Friday, October 8, 2010

Gone Fishing

Online dating is nothing new. Pretty much since the invention of the Internet males and females of all ages have attempted to use the tools available on the inter-web to meet, greet, and facilitate communication with people of the opposite sex. There are thousands of sites out there with the expressed purpose of getting to to see someone, even specialized sites for any subgroup you might want to focus on, such as Jewish, environmentally friendly, or even video gamers. Millions of people are currently signed up for one of these sites, but often you don't have to be to meet someone online.

Catfish looks at the modern day relationship by examining NYC photographer Nev Schulman, who has recently made the acquaintance of an 8-year old art prodigy from Michigan, Abby Pierce, who saw one of his paintings in a newspaper and sends him a painting of it. Nev is so impressed that he begins personal relations with the Pierce family, who continue to send him paintings of his photos as he talks to mother Angela on the phone, and becomes Facebook friends with the entire family, including Abby's father, brother, and finally her sister Megan. All this is captured on film by Nev's filmmaker brother Ariel Schulman and friend Henry Joost, who try to get every moment even when Nev is in no mood for their company. They're simply looking to make a documentary about the friendship between Nev and Abby, but end up with something completely different.

The resemblance was much more uncanny in a dark theater
It's obvious from the word go that Nev is very attracted to sister Megan. Megan works as a veterinarian, but is also artistically talented, as we as the viewing audience are treated to songs she's apparently sung, art she's apparently painted, and she is also a big fan of dance and ballet, which is often the subject of Nev's work. Very quickly (and under the watchful eye of Ariel and Henry), Nev is constantly in conversation with Megan, whether on the phone, on Facebook or via text message, but never in person. That is, until one of the crew finally speaks up and says they should visit Megan in Michigan as a surprise.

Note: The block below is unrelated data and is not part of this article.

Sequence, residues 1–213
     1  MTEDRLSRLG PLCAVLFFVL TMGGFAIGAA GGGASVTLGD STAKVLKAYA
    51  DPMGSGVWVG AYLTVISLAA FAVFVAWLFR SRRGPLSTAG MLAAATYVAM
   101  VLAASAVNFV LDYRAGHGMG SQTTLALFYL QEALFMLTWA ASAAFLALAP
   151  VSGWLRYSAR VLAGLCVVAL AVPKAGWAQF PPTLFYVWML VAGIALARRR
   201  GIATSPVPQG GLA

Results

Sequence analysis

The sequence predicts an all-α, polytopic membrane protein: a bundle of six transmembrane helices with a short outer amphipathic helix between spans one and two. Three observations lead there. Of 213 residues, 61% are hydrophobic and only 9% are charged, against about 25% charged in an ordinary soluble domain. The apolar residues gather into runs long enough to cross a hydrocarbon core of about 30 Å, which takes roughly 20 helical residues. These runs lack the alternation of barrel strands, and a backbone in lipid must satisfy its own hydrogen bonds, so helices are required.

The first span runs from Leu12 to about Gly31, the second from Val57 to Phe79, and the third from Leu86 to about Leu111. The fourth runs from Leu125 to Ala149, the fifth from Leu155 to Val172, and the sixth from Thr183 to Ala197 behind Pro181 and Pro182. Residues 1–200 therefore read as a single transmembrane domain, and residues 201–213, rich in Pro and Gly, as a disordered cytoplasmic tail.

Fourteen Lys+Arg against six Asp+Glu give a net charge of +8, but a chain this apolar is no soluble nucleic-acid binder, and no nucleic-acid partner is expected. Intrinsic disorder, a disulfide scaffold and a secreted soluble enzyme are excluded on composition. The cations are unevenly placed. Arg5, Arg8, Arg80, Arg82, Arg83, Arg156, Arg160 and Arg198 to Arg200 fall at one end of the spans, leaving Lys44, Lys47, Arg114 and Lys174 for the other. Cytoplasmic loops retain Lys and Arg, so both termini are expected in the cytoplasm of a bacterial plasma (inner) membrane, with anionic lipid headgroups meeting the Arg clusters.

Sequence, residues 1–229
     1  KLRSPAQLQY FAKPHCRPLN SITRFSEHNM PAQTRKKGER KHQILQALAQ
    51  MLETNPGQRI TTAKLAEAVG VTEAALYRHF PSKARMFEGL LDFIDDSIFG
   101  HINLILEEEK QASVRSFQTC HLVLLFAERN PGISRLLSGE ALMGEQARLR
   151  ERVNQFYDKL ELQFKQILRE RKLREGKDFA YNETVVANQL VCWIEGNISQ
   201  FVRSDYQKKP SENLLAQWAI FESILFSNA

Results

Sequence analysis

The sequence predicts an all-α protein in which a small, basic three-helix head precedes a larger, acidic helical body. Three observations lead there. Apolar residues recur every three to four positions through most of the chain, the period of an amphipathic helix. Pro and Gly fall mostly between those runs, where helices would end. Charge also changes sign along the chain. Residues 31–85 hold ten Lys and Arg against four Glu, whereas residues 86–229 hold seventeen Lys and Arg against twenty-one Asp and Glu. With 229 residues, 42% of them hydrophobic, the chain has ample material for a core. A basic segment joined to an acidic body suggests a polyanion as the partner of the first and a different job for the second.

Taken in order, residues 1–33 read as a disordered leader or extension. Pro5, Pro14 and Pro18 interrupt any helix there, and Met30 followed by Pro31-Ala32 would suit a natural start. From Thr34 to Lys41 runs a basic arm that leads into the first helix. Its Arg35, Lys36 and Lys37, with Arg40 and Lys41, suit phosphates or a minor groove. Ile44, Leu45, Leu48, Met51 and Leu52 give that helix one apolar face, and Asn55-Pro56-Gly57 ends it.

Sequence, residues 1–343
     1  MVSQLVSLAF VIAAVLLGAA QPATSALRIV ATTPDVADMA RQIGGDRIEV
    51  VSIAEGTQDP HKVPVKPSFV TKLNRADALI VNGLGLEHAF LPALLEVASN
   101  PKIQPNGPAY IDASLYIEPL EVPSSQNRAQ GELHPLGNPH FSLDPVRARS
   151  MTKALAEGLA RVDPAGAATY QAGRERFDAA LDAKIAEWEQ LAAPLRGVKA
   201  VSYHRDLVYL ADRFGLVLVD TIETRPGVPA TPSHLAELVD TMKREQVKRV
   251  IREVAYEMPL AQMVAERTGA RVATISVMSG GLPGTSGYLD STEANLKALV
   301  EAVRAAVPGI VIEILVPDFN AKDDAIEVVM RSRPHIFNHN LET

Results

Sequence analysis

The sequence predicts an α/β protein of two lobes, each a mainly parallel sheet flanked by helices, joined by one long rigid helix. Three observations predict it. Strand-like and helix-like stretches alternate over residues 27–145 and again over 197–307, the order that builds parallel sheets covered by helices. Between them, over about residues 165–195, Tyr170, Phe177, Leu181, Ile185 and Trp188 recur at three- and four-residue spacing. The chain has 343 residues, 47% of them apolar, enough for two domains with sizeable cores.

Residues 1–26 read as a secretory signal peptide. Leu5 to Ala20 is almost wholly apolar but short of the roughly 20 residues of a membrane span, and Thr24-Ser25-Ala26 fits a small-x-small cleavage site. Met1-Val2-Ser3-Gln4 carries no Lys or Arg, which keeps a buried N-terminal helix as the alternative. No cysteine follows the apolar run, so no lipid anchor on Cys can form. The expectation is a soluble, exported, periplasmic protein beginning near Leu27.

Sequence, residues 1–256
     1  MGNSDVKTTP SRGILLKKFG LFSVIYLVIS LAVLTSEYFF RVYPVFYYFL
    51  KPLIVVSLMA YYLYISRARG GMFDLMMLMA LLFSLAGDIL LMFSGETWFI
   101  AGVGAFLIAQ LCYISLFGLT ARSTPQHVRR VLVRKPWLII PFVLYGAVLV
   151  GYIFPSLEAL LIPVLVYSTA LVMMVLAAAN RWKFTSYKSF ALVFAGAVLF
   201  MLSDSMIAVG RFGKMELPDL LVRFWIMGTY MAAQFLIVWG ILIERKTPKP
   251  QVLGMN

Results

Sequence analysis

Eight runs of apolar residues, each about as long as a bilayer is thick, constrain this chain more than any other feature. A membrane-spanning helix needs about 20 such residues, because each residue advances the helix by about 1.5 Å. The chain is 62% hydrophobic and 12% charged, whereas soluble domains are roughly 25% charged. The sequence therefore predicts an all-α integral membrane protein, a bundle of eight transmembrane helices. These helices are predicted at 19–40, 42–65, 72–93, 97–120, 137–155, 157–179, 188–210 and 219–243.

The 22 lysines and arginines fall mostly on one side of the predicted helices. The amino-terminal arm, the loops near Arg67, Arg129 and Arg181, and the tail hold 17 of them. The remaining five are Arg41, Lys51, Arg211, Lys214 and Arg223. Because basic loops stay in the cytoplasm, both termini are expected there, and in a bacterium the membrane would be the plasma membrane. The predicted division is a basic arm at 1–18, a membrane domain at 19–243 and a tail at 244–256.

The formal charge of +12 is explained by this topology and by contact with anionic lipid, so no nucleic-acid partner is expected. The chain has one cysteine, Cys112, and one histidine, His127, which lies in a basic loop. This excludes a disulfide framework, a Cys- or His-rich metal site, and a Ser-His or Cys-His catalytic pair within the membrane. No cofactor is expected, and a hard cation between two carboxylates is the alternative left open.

The perfect online girlfriend, Megan Faccio
You very quickly become accustomed to the film's playful tone as you watch this modern-day romance play out in front of you. Ariel and Henry are constantly playing around, and not always to the purpose of cheering up Nev from one of his moods. Nev seemingly doesn't like the fact that his life is supposedly under 24-hour surveillance, but the others prevail and we get pretty much a whole story told in 94 minutes, with a fun musical playlist accompanying the action on screen when applicable. It's obviously an upbeat film, not one to easily dismiss and draw your attention away, as my inability to draw my attention from the screen for about 90% of the film's screen time would attest. And it ends on such a sweet note you're not sure what you're feeling for hours after you leave the theater.

Road trip! Wooo!
There has been tons of speculation as to whether this film is really a documentary or in fact a fictional story done in a documentary fashion. I'm not sure where the idea for this came from, as while it's not like you're normal documentary like Supersize Me or An Inconvenient Truth where you're bombarded with facts left and right, there certainly seems to be nothing SO out of the realm of possibility as to be obviously in error. It's a very confined story, by no means anything more than a romantic story between Nev and the woman in Michigan, and not meant to be an allegory to online dating or Facebook in general. In truth, do I believe what happened in this film to be factual? To be honest, it was so unbelievable an experience, I think it MUST be true.

Spending a little too much time online
The film does have some slow parts towards the end, mostly in wrapping up the story and summarizing. These are merely nitpicks, however, as even as a factual event this is one of the best stories I've seen this year and don't doubt it speaks more to the Internet's influence on everyday life and society than David Fichner's biopic of Facebook founder Mark Zuckerberg could hope to (not that I know for certain, and I still plan to see it). In the end, Catfish is a sweet, fun, unique and unusual love story that you'd better not let anyone spoil for you so you can enjoy it to the full extent you should. I've got it at #4 for the year, I enjoyed it that much.

Awww, look at the happily Photoshopped, naked couple
One last word, thanks and shoutout to my buddy Dan J. for getting me to see this film (even if he only wanted someone to talk to about it) and providing the movie gift card that paid for it.


Calandreya said...

I wouldn't be at all surprised to find that it's true. If it isn't, it's based on true happenings all over the country.

jimmygerms said...


jimmygerms said...